Which Joe gave his name to ‘sloppy joes’? We look at five interesting sandwiches and their lexical origins.
A person or thing that is particularly impressive or worth seeing.‘Selwyn's garden was a sight to behold’
- ‘Saturday, October 22nd was a sight to behold as the newly formed Tidy Town Committee set about cleaning the streets of the town.’
- ‘‘The sheer majesty of this giant planet with her moons is a sight to behold and our telescope can pick this up beautifully,’ he says.’
- ‘In his heyday Seve was a sight to behold, a swashbuckling cavalier of the links, a man who knew no fear, who thought he could walk on water and often seemed to do so.’
- ‘And at night the procession of lighted carriages dashing through the otherwise dark and quiet countryside was a sight to behold.’
- ‘They also had the opportunity of seeing one of the big Cunard Line cruise ships which was berthed in the harbour, a sight to behold and a sign of very different times.’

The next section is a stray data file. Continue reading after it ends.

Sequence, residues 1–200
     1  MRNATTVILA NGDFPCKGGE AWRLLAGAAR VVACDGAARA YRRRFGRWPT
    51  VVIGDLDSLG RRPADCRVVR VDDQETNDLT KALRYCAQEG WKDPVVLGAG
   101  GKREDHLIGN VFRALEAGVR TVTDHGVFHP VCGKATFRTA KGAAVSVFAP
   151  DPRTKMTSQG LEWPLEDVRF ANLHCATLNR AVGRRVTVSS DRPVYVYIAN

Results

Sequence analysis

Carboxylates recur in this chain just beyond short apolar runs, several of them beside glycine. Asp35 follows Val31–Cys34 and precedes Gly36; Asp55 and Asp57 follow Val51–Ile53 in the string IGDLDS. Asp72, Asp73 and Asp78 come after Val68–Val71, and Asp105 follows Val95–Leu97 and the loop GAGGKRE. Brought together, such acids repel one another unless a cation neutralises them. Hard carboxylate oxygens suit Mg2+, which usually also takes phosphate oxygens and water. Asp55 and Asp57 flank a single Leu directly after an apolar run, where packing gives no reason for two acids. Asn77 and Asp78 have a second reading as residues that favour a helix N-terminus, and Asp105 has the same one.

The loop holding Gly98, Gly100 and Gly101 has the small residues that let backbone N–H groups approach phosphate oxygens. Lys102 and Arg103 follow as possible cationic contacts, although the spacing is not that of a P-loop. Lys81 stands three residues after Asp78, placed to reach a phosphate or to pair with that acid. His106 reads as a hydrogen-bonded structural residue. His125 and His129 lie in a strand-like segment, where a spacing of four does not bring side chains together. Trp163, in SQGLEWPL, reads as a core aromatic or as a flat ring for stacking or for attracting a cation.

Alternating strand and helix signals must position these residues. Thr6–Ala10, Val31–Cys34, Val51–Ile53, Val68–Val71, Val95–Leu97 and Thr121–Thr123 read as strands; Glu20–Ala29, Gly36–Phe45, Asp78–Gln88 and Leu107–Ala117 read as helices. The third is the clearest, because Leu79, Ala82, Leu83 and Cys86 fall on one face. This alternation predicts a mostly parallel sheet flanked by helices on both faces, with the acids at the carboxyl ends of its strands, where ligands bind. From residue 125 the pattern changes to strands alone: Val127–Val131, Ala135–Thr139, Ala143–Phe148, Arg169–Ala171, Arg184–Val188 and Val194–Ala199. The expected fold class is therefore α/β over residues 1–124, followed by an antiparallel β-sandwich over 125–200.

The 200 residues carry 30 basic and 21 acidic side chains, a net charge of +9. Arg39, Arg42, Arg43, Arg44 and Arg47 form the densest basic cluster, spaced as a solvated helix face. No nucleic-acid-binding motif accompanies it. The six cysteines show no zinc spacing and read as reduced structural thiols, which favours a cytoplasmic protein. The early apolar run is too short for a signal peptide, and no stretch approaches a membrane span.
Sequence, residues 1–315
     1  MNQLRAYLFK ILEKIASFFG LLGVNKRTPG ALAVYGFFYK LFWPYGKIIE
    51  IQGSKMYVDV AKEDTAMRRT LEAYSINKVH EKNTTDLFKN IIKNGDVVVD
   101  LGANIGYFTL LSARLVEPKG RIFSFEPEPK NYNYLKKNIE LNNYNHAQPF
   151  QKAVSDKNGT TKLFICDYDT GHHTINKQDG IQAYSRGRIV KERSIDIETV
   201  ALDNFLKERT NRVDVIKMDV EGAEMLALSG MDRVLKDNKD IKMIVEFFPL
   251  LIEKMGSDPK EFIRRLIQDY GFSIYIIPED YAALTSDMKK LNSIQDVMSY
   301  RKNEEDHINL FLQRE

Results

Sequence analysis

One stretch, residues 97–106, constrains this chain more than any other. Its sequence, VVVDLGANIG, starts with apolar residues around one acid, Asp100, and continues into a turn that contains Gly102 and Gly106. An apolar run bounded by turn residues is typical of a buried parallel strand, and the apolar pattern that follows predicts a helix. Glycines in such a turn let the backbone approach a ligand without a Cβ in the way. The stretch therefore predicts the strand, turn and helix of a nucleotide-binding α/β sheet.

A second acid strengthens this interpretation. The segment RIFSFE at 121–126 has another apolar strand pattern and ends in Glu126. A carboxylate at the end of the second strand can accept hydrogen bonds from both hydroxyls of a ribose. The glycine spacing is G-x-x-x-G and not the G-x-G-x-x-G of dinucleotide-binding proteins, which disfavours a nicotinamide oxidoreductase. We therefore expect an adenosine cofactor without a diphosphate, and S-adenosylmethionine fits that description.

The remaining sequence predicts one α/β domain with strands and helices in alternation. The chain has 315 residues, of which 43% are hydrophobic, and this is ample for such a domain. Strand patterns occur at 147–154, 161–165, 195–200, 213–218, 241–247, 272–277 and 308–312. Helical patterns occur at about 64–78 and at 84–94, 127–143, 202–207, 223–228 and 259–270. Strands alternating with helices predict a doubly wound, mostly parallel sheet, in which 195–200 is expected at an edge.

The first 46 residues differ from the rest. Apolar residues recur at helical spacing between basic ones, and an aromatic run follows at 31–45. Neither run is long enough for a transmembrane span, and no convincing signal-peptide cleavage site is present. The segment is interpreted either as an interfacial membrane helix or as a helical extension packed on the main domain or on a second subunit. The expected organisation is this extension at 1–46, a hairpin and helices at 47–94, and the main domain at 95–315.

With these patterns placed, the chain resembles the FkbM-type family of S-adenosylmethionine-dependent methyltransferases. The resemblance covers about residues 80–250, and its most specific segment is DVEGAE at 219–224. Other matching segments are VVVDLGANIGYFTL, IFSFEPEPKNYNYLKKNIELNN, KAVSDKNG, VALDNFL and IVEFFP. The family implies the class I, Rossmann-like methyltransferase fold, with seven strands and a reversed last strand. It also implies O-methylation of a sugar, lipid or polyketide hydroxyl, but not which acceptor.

- ‘I've seen him full throttle, and that's quite a sight to behold.’
- ‘The euphoria, excitement, colour, unbridled joy and sheer thrill of having reached the promised land by Armagh was a sight to behold.’
- ‘This said, he has an impressive range of plants at his nursery at Llwyn-y-Gors, and they are a sight to behold at Christmas, adorned with plump berries.’
- ‘All in all, Quidam sets new standards in both contemporary circus performance and physical theatre, and is a sight to behold for all ages.’
- ‘Neat rows of colourful dolls, all resembling little children with neatly combed hair, and dressed in flowing garments, were a sight to behold.’
We take a look at several popular, though confusing, punctuation marks.
From Afghanistan to Zimbabwe, discover surprising and intriguing language facts from around the globe.
The definitions of ‘buddy’ and ‘bro’ in the OED have recently been revised. We explore their history and increase in popularity.